Patti Ruzzo: I crossed the road, pausing every step to spit a treat out of my mouth like a human pez dispenser and the chicken followed along catching the treats.

Electric Collar Advocate: whenever the chicken does not cross the road I give it an electric shock. But do not worry, the shock is no more than you would feel if you walked on a carpet wearing socks and it does not bother the chicken at all. The feathers standing up and the smell of burning flesh mean nothing. In fact, they are happier having nice clear communication than they would be otherwise.

Yuppie: chickens are just like little people in feather jackets, and if you love them and give them diamonds and feel sorry for them all the time, they will be happy to cross the road for you.

Paris Hilton: Because I put it in a Gucci bag and carried it.

Shelter director: Any chickens that do not cross the road will be euthanized for their own good, and the others we will “adopt” out tomorrow for only $200 each. Please send us money so we can keep doing more of this important work!

HSUS member: I do not know anything about animals, I have never been around animals and am not really fond of animals, but we passed a law mandating that chickens be kept without cages because animals belong only in the wild and cannot be happy coexisting with man, so now they are walking wherever they want.

PETA member: chickens have the right to live in world without roads. Any chicken that lives within a hundred miles of a road is suffering an inhumane existence and might eventually be hit by a car so we should kill it today to ensure that it does not die tomorrow.

~Unknown author but brilliant! Hat tip to Finnegan's Paw Print. (I may steal that pawprint design as my next tattoo.)

Monday, August 2, 2010

Jack is "The man"

I was having a conversation the other day about multiple dog households. It was about how some dogs just require more attention than the others. I can identify. Jenny is a dog that NEEDS attention. She is a busy body and has always been our high maintence dog. If we don't keep her busy she will find her own fun and it isn't always what we humans consider acceptable. Throw in her allergies and POOF, she gets alot more of the attention.
Jack on the other hand is like the muscle at a high end club. He is there to do a job but he isn't obvious about it. He is content with daily belly rubs, some tug play and the occasional run in the woods with his friends. He is a great couch potoato dog. But when someone is in the yard, HIS yard, or at the door stand by. He let's us know. It's what he does.
When I chose my first akita I specificly wanted a dog that would intimidate people. Not because I thought it would make me seem cooler, but because at the time I was a corrections officer and living alone. Having a guarding breed in the home made me feel more secure. It still does. When my husband works nights I do not worry. While sometimes I find myself becoming a small dog person, I am unsure if there will ever be a day I don't have at least one big dog in the house for that reason.
Aside from the guarding instinct of the breed I admit that I was also drawn to the look of the akita. I have a thing for huskies and other northern breeds but know I don't have the energy to live with most of them. I loved that the akita was a breed that would adapt to the owners energy level. Plus silly me saw the sentence "Can be a challenge to train." inviting. I had just gotten out of the Marines so challenges were exciting to me. Little did I know THAT would be my introduction to dog training as a long term interest. (It turns out akitas aren't hard to train. You just need to find their motivation and not bore them to death with repetition. Keep it fun is the number 1 rule.)

If you have told me back then that one day I'd have small dogs too I would have called you crazy. I considered myself a big dog person all the way. Funny how things change. He may not grace the blog quite as often but let it be known that Jack is "The Man". He's always here sucking up his share of the love, (and I cannot express just how much I love this big galoof) he's just more of a behind the scenes kinda guy. Thankfully he's ok with that.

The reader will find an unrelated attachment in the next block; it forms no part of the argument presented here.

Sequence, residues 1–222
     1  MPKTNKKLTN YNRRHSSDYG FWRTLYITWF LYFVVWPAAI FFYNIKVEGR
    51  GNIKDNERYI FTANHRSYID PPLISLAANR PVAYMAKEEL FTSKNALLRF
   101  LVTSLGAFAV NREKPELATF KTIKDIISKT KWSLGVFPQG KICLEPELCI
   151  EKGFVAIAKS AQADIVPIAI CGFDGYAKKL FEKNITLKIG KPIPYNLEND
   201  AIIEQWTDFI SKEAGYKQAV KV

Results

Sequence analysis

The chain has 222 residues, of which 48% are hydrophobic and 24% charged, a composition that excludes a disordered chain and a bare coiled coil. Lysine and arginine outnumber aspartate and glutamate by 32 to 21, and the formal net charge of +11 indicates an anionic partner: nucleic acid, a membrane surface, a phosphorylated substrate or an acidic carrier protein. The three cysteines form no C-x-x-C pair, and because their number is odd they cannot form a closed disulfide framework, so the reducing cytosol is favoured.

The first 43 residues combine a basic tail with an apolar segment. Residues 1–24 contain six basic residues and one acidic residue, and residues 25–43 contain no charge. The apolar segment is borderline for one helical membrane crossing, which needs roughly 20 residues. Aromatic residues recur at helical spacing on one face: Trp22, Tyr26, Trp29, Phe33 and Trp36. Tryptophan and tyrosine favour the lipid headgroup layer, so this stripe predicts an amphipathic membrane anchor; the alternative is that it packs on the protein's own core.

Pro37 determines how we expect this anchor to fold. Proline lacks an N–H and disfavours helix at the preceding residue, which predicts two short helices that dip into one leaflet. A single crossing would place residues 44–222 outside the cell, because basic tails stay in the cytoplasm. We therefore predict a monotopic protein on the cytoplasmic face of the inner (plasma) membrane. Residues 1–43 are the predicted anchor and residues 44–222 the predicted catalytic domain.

Sunday, August 1, 2010

To war we go

I hate waiting for anything so I put the plan into play today. Jenny's rash is getting worse so I went at it from both directions.
First I gave her an oatmeal bath to address the outer direction. I finally learned the trick. I kept hearing about using some fancy oatmeal and it turns out the fancy part is to crush it first. I used my daughters blender. (And now I may need to buy her a new one. I kept shaking it and by the end of the session it was making a very unhealthy noise.) Next time I may try the soaking her in the tub with the oatmeal added in the water. (which is how people use it) This time I used the oatmeal as a paste and massaged it into her coat. She found this to be a very tasty bath.
Then I mixed and measured out the thawed deer meat into meals to refreeze. (after feeding both of the dogs some for dinner) I don't know why I didn't think of this sooner. It will be just like the primal patties only they are already in the right size for Jack and Jenny. This will make it easy for everyone in the family to feed if I'm not home at mealtime. Next time I may need to use a different calcium source according to the list I just joined. I also need to add some organ meat. I used to add liver but that was the only food Jenny flagged for in her allergy test. Fortunatly I have total control over my recipe so I can change it each time as needed. Jack is going to do 1 raw meal a day and 1 kibble meal at least to begin with. The last time I jumped him to full raw he had some horrible diarrhea. Not fun in a dog that size.
I got just over 2 weeks worth ready to go. I went with freezer bags because they don't take up to much space. It makes me feel un-eco-friendly though so I will either try washing them to reuse or invest in flat tupperware type storage containers. Maybe I'll check to see what I can scrounge up at the local Goodwill store as a way to recycle some.

She was very excited when I started measuring. Eventually she got tired and relaxed a little. She was very happy to lick the bowl when I finished.

Tomorrow I'll be calling the holistic places to see about an appointment.